The long term success of marine reserves, and their benefits to nearby fished areas, depends on how well populations inside reserves are connected to those outside and to other nearby reserves. Answering that question requires an understanding of 1) how far adult individuals travel, and 2) how far their offspring drift on oceanic currents before settling to the bottom and maturing into breeding adults. If adults occasionally move outside reserve boundaries and their larvae often travel to other reserves and to fished areas, the individuals in an area can be considered a single, multi-part population, and even a small network of reserves can have substantial benefits.
Enter the European lobster! Much like the lobsters found on both the west and east coast of the United States, lobsters are a favorite target for recreational and commercial fishers along European coastlines, and in the early 2000’s their populations were beginning to decline. In 2006, a series of small MPAs were established along the Norwegian coast, and by 2010 the densities of adult lobsters had tripled and the average individual size of lobsters had increased. The no-take lobster reserves were clearly benefitting the lobsters protected within their borders, but what about the lobster populations outside?
A team of Norwegian and Swedish scientists embarked on a 4-year study to determine if these reserves offered long-term protection, to what extent adult lobsters moved outside the reserve borders, and if the lobsters along this stretch of coastline were a single population. They used radio transmitters to track the movements of 30 individual lobsters, then tagged close to 2000 additional lobsters and documented the distance traveled between tagging and recovery. They also sampled tissues along the Skagerrak coast of Norway for genetic studies.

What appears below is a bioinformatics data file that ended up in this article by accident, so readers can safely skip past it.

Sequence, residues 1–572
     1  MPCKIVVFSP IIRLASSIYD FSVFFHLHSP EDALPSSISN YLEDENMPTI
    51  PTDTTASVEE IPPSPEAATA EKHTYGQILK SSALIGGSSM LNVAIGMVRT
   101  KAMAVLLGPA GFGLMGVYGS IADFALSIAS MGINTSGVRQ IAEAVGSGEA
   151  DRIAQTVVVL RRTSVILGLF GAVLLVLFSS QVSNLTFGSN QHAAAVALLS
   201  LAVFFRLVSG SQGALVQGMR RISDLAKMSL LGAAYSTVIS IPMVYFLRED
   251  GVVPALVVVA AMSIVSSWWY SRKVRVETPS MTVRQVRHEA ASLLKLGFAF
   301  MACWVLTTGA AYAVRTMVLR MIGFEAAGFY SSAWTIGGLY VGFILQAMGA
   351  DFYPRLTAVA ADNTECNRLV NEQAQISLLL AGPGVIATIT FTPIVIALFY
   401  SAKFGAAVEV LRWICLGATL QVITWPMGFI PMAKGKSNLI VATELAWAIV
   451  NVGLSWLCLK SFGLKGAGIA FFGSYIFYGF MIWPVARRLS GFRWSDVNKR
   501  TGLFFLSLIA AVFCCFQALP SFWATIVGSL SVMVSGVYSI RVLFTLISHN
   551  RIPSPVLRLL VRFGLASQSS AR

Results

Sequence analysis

What they found bodes well for lobster fishers along the rugged Norwegian coast. The Skagerrak network of lobster reserves is protecting the adult lobsters within its boundaries. On average, the radio-tagged lobsters survived for nearly the entire one-year study duration. In fact, the tagged lobsters probably survived well beyond that initial year, but the transmitters were only able to track movements until the lobster’s next molt; an annual event in which lobsters shed their hard exterior shell (and in this case, the attached radio transmitter). The small size of the reserves matched the scale of lobster movement; individuals within reserves largely stayed within reserves, although occasionally an individual would move a much greater distance. Just under 5% of the lobsters tagged within the reserve were recaptured outside the reserve boundaries, indicating that there is some spillover of lobsters into fishable waters. Genetic studies showed that lobster young often drift far from the site where they were born, suggesting that the lobsters along the Skagerrak coast are one large population rather than multiple separate enclaves. The research done by these scientists gives reason to hope. Despite recent declines in lobster catches outside of the reserves, the small amount of spillover and the connectedness of these populations suggests that over time, the protected lobster aggregations will benefit lobsters along the entire Skagerrak coast and increase lobster catches.
For More Information:
Huserbråten M.B.O., E. Moland, H. Knutsen, E.M. Olsen, C. André, and N.C. Stenseth. 2013. Conservation, spillover and gene flow within a network of Northern European marine protected areas. PLoS One 8:e73388 (553K PDF)